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Canada Lac-Mégantic faces dire future with no train service

RCMP officers guard one of five locomotives about a kilometre away from the crash site July 9, 2013 in Lac-Mégantic, Quebec. Police have confirmed that the rail cars are being treated as a crime scene.

Moe Doiron/The Globe and Mail

Freight trains will not run in Lac-Mégantic for months, according to federal investigators, a delay local business leaders warn will permanently damage the town.

Despite a picturesque main street once teeming with tourists, much of Lac-Mégantic's economy is based in its expansive industrial park. On Friday, federal investigators and police ruled out the possibility that rail service would be restored to area factories before a probe into the train disaster is complete.

"There is no question that a train will not operate here right now. We still have an enormous amount of work to do," said Jean Laporte, chief operating officer of the Transportation Safety Board. The investigation will "last months or more," he warned.

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In the days after an explosion and fire that claimed as many as 50 lives and left the village's downtown in ruins, local business leaders met with Montreal, Maine & Atlantic Railway Inc. to draft a plan to return service to the town's factories within days.

"Without the train, Lac-Mégantic will die, too many jobs are linked to the rails," said Béland Audet, the head of transportation firm Logi-Bel.

A single spur off MM&A's main tracks leads to the vast industrial park north of the town centre. Only a few metres of that spur run through the expansive crime scene surrounding the disaster site. Business leaders, with the support of the town's mayor, had planned to ask the Quebec provincial police to pull back the edge of its crime scene to allow trains to resume.

However, high levels of benzene contaminate the area half a kilometre from the epicentre of the derailment, according to police spokesman Benoît Richard.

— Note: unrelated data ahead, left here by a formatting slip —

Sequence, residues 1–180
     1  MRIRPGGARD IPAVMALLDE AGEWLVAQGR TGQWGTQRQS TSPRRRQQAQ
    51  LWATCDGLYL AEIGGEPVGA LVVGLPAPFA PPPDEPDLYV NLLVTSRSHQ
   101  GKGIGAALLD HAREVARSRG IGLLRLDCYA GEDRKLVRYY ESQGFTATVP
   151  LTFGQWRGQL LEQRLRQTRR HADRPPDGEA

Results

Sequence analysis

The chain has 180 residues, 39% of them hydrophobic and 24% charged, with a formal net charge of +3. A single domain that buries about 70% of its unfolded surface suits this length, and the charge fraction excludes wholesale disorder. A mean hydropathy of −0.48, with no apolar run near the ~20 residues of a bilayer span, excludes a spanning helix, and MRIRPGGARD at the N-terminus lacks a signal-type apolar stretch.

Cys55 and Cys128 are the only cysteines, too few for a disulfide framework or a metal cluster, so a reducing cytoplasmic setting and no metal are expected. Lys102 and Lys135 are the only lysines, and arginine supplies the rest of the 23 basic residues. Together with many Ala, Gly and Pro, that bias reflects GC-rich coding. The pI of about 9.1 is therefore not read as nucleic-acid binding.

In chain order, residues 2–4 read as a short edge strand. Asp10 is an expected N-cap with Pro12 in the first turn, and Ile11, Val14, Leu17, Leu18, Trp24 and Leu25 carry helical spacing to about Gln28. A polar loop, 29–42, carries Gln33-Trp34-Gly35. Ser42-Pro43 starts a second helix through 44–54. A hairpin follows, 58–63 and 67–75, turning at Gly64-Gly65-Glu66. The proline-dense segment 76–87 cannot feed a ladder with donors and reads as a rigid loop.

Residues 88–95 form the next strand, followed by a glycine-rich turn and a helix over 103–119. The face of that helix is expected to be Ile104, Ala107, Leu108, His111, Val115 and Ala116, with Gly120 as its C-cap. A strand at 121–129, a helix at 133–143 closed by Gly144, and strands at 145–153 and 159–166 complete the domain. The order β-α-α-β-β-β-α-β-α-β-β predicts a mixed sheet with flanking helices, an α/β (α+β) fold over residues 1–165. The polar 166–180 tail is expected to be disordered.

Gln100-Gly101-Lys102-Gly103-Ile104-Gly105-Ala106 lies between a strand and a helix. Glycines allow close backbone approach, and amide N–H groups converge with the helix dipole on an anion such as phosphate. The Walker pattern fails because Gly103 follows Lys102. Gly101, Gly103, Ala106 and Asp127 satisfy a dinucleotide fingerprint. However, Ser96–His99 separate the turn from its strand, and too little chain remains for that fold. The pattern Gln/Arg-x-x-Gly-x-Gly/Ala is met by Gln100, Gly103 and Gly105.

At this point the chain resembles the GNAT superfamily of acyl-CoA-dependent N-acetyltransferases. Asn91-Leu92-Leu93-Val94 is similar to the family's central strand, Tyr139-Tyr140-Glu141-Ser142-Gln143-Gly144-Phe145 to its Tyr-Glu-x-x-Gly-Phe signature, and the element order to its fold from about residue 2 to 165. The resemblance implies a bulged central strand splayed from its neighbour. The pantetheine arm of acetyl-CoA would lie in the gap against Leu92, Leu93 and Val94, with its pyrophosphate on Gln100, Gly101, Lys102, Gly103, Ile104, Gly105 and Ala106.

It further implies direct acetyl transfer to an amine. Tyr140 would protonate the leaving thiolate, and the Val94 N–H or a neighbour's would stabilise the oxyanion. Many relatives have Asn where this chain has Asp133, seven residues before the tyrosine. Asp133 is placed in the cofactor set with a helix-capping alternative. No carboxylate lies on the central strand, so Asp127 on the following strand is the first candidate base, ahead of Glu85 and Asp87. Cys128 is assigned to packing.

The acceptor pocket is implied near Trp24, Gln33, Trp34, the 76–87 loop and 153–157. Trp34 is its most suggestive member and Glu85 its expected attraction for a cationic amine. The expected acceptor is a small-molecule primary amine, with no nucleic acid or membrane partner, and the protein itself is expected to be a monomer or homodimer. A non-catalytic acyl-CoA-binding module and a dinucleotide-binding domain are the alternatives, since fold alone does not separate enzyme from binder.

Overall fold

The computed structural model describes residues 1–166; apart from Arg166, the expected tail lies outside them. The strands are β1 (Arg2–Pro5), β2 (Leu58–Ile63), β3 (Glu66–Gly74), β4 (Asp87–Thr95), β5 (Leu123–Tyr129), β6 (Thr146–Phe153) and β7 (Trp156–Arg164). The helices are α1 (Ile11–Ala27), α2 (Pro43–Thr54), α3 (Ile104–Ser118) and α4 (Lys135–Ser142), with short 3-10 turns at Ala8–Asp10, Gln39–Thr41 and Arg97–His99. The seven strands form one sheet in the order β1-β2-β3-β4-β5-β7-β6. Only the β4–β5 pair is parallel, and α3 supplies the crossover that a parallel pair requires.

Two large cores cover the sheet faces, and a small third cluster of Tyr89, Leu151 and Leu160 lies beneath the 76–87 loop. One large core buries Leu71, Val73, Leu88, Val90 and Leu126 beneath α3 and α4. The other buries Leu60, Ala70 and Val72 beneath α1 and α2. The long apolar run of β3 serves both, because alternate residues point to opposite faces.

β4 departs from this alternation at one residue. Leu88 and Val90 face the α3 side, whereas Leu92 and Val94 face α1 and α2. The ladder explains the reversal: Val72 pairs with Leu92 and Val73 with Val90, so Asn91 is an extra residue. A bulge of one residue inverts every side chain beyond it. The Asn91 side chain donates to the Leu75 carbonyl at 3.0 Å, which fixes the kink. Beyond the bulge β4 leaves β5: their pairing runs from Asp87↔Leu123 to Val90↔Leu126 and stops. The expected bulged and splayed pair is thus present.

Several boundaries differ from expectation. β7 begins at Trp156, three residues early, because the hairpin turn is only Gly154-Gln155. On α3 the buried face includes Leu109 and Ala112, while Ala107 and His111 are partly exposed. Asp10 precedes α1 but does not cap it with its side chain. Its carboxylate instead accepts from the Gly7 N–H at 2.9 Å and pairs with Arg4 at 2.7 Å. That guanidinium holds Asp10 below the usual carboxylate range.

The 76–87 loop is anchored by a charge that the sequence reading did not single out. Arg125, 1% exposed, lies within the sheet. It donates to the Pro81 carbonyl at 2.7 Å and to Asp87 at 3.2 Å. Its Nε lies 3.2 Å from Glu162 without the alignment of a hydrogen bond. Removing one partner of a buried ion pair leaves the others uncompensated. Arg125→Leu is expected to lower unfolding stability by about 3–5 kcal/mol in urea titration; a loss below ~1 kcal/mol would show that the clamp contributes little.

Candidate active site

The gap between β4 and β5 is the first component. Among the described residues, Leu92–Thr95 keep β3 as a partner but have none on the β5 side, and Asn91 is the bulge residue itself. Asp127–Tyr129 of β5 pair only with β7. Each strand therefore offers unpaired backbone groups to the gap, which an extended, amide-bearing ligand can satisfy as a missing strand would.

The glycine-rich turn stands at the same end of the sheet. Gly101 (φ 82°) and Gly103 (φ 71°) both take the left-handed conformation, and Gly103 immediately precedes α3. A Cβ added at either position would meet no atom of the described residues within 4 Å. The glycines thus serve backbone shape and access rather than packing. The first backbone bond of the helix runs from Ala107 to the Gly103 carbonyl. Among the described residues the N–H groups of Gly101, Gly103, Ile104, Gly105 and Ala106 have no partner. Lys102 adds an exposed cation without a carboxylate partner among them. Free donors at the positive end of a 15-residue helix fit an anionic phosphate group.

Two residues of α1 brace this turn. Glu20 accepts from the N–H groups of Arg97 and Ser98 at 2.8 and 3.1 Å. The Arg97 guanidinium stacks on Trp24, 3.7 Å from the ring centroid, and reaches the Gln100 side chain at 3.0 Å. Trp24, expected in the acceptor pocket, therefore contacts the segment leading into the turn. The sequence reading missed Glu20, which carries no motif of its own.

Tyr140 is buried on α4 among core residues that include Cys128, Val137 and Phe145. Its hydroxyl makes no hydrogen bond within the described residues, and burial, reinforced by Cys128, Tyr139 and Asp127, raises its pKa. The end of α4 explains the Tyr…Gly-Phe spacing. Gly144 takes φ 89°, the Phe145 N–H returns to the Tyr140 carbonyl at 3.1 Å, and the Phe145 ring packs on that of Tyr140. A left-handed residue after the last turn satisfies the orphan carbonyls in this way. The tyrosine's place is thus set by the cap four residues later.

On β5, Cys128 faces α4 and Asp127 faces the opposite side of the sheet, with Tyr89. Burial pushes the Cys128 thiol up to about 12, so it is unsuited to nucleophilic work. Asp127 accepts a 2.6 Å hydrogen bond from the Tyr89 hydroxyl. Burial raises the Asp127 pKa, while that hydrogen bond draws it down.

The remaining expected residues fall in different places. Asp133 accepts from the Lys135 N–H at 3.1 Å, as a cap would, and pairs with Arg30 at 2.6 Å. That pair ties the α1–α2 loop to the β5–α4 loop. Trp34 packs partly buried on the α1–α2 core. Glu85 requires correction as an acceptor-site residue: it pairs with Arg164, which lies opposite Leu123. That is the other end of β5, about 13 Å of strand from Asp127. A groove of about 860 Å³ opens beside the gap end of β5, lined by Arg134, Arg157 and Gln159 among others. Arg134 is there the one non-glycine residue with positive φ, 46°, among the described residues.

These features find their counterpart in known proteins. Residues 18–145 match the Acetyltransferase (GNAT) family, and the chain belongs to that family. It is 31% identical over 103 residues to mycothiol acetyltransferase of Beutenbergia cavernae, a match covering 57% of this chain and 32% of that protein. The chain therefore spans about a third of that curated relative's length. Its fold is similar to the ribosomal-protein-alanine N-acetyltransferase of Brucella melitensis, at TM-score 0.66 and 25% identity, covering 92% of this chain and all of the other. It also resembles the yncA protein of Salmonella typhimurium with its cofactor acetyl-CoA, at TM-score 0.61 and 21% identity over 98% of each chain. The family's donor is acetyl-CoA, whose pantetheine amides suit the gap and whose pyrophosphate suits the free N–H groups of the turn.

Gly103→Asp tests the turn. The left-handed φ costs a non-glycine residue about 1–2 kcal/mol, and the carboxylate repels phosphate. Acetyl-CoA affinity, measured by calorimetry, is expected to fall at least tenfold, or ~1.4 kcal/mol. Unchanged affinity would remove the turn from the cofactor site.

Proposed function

"I looked at the map and asked investigators, there's no way a train could pass there," Mr. Richard said, warning that a train could disrupt the wreckage that investigators are combing through.

According to the local Chamber of Commerce, 1,100 of the village's 6,000 people work in the industrial park. The local economy was not growing quickly before the disaster, but doing "alright," according to Pascale Hallé, the chamber's president.

Mr. Hallé said he spent Friday helping firms displaced by the fires. A number of companies have warned him that they are considering moving. Driving from business to business, Mr. Hallé said he is reminding owners that the village had a prosperous downtown.

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With nearly 40 buildings destroyed by the flames and explosions, much of the city's historic core is gone. Mr. Hallé lost two businesses in the disaster, but said he plans to rebuild.

Unless service is restored quickly, Mr. Audet warned that the village is in danger of becoming a "ghost town," faced by a collapse in its tourism industry and factories unable to export their goods.

"Let's not hide it, these factories are essential and they are putting out a cry for help. They need this railroad to be working," Mr. Hallé said.

While business leaders say they had 100 per cent support from Mayor Colette Roy-Laroche for the plan to use the spur, on Friday Ms. Roy-Laroche was hesitant to say she would support a push to alter the crime scene. "We are in the unknown."

Even once the crime scene is lifted, the mayor warned that the railway's opening could be delayed for weeks as wrecked tankers cars are removed.

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